The UN’s latest attempt to assist international insolvency practitioners

13 July 2020

Miami-based Sequor Law shareholder Leyza B. Florin and attorney Carolina Goncalves summarise the UNCITRAL Working Group’s Model Law on the Recognition and Enforcement of Insolvency-Related Judgments.

As the world’s economy becomes increasingly transnational, and debtors, their assets, and creditors are scattered across multiple jurisdictions, the need for consistency and efficiency in the cross-border administration of insolvency proceedings has become more pressing. Variations among legal systems have resulted in inconsistent, duplicative, time-consuming and costly efforts to recognise and enforce insolvency-related judgments in different jurisdictions, creating legal uncertainty and other complications in the administration of cross-border insolvency proceedings.

The United Nations Commission on International Trade Law (UNCITRAL) attempted to foster international cooperation in the administration of cross-border insolvencies through its Model Law on Cross-Border Insolvency (MLCBI), but there remained an ambiguity in the recognition and enforcement of judgments related to insolvency proceedings, especially where enforcement of the foreign judgment was inconsistent with local law.

The Model Law

As a result, in 2014, UNCITRAL gave a mandate to its Working Group V on Insolvency Law to develop a model law that specifically provides for the recognition and enforcement of insolvency-related judgments. The Working Group collaborated with UNCITRAL’s 60 member states and the representatives of 31 observer states and 34 inter-governmental and non-governmental organisations to develop the Model Law on Recognition and Enforcement of Insolvency-Related Judgments .

On 2 July 2018, UNCITRAL adopted the Model Law, which is designed to address both the gap in international law regarding the cross-border recognition and enforcement of judgments that arise as a consequence of, or are materially associated with, insolvency proceedings; and the uncertainty in interpreting certain provisions of the MLCBI “in terms of providing the necessary authority for such recognition and enforcement as a form of relief available on recognition of a foreign insolvency proceeding.”

How the Model Law works

The Model Law seeks to address these issues through its primary characteristics: harmonisation and flexibility. It offers enacting states a “simple, straightforward and harmonised procedure for recognition and enforcement of insolvency-related judgments” while remaining flexible in its integration into each enacting state’s legal system. Importantly, the Model Law is intended to supplement the MLCBI, and in fact mirrors its provisions and definitions in many respects, as well as the existing legal frameworks of the enacting states.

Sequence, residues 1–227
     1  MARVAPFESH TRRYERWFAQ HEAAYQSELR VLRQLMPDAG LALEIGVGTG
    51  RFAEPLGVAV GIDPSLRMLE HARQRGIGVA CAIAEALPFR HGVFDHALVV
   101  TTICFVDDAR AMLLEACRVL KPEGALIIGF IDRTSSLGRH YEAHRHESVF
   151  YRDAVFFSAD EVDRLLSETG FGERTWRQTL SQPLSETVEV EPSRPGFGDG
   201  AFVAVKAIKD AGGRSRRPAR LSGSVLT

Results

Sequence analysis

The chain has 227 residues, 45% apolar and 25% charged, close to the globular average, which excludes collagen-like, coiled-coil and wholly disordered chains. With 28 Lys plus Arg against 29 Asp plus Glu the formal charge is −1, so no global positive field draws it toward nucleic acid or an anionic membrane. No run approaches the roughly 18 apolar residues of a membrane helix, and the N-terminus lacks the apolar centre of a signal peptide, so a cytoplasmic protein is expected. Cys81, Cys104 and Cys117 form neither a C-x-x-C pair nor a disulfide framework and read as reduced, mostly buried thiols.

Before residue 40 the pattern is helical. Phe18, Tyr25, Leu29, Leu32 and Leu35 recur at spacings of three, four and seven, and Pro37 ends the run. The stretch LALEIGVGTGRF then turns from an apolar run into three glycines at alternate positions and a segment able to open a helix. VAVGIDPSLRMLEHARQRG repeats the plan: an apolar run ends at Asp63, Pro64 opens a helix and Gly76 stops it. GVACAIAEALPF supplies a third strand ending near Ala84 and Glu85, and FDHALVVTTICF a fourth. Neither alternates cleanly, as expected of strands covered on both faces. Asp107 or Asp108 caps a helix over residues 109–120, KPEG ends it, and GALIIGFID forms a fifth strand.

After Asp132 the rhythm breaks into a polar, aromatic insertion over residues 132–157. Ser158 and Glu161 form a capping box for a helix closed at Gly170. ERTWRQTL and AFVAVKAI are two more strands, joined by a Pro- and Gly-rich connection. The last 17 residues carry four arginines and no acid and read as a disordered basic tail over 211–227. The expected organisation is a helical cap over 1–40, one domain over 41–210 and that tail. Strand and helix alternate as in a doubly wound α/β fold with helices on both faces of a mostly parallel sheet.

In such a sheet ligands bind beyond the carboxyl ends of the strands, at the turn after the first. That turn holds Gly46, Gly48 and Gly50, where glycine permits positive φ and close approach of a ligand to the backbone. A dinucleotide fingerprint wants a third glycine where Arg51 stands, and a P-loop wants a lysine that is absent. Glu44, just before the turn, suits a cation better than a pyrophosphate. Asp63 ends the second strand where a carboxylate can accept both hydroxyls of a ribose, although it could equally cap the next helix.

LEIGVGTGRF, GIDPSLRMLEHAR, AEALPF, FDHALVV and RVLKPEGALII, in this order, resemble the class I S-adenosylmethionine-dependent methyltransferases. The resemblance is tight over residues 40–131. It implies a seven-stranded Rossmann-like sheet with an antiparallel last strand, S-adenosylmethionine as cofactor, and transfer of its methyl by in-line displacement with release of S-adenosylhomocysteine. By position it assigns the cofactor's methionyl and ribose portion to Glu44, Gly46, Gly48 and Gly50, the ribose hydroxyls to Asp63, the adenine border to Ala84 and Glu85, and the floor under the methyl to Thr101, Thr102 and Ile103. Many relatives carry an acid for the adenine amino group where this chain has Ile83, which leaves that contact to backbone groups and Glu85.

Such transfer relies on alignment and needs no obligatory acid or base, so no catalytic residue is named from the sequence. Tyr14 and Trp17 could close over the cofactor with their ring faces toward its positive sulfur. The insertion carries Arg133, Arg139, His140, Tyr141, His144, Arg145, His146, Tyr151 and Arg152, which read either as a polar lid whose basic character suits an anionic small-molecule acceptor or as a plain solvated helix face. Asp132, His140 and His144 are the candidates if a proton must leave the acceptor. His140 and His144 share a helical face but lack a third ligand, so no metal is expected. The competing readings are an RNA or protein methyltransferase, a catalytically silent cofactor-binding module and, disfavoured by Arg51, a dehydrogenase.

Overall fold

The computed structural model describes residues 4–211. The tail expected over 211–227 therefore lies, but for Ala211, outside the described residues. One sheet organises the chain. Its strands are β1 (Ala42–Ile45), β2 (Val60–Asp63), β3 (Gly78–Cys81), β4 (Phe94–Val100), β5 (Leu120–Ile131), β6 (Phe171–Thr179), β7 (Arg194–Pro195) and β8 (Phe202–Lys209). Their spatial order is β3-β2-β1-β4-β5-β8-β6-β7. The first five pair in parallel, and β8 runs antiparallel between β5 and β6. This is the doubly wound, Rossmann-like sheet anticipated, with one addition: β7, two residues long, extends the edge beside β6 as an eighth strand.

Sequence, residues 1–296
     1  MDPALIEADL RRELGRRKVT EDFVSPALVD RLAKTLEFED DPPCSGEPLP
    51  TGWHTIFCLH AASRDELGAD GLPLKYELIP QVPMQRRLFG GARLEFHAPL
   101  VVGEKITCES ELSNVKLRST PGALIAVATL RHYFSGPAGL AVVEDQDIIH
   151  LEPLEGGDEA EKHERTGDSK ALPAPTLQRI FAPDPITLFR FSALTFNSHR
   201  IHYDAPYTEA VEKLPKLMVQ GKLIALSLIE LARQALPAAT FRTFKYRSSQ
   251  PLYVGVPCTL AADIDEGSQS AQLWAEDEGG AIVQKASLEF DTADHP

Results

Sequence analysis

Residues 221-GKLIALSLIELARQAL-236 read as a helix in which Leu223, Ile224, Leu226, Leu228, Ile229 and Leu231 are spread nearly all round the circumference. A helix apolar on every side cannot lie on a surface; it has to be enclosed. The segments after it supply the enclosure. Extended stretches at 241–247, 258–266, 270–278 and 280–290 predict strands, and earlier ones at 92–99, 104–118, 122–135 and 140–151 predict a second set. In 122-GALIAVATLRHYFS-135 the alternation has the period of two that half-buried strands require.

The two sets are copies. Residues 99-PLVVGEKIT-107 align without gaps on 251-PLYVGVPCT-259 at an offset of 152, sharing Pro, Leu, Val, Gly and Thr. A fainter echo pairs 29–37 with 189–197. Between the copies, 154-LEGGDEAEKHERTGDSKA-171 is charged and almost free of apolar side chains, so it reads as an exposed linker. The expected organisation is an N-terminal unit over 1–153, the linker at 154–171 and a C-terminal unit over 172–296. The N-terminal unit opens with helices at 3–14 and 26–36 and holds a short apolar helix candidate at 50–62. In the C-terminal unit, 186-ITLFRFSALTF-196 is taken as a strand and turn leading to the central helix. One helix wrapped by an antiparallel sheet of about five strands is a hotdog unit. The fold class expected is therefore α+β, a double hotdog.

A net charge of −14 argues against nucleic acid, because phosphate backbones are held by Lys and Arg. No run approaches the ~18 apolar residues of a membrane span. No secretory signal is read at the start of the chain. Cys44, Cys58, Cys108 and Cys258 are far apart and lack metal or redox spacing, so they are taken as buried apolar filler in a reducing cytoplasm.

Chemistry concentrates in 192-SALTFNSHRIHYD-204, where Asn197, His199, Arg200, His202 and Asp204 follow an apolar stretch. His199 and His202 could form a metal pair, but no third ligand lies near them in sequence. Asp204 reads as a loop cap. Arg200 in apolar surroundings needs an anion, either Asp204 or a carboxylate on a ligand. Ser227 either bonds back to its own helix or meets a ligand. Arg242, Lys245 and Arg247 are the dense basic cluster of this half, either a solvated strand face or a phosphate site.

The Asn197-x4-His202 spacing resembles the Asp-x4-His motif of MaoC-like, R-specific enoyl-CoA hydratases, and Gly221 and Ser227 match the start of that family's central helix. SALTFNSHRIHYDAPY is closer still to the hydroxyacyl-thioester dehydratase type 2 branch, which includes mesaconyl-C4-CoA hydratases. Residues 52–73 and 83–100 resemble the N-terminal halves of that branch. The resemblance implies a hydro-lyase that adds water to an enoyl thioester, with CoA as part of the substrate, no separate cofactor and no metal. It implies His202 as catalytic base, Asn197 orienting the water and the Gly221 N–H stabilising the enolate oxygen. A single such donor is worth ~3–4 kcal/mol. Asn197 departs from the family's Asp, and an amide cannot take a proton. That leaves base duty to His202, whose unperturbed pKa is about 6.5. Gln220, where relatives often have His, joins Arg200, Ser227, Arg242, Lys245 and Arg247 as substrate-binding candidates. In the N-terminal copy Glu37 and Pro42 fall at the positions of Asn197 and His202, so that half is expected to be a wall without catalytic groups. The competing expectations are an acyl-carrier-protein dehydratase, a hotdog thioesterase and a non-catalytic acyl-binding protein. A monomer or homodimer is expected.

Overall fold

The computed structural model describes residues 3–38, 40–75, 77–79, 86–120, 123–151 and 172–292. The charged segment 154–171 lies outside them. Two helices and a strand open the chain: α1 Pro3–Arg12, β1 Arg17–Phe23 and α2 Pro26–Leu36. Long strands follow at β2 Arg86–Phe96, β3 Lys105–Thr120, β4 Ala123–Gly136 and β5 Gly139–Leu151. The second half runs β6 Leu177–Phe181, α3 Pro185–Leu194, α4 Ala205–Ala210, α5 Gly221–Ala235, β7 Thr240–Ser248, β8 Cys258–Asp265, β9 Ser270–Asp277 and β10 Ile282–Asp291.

For example, as international insolvency practitioners, we know the terminology used in insolvency proceedings can vary by jurisdiction. Where a term or expression is likely to vary among enacting states, the Model Law offers more inclusive defined terms, such as “insolvency proceeding” (as opposed to liquidation, reorganisation or bankruptcy) and “insolvency representative” (rather than trustee, foreign representative, liquidator, judicial administrator etc). It also describes terms or expressions in brackets as placeholders for jurisdiction-specific information – like the name of the court, body, or authority designated to perform the specified function – allowing the enacting state’s legislators to use the term specific to that jurisdiction.

Additionally, the Model Law offers optional provisions, such as one allowing the enacting state to refuse the recognition of an insolvency-related judgment when it originates from a state whose “insolvency proceeding” would not be subject to recognition under the MLCBI.

The Model Law also contains two noteworthy exceptions to recognising and enforcing insolvency-related judgments. Enacting states may refrain from taking any action that would be “manifestly contrary” to their public policy. Further, the Model Law enumerates the following specific grounds for the refusal of recognition and enforcement:

  • improper notice to the defendant in the proceeding that gave rise to the insolvency-related judgment;
  • the judgment was obtained by fraud;
  • the judgment is inconsistent with a judgment entered in the enacting state involving the same parties;
  • the judgment is consistent with an earlier judgment entered in another state involving the same parties and subject matter;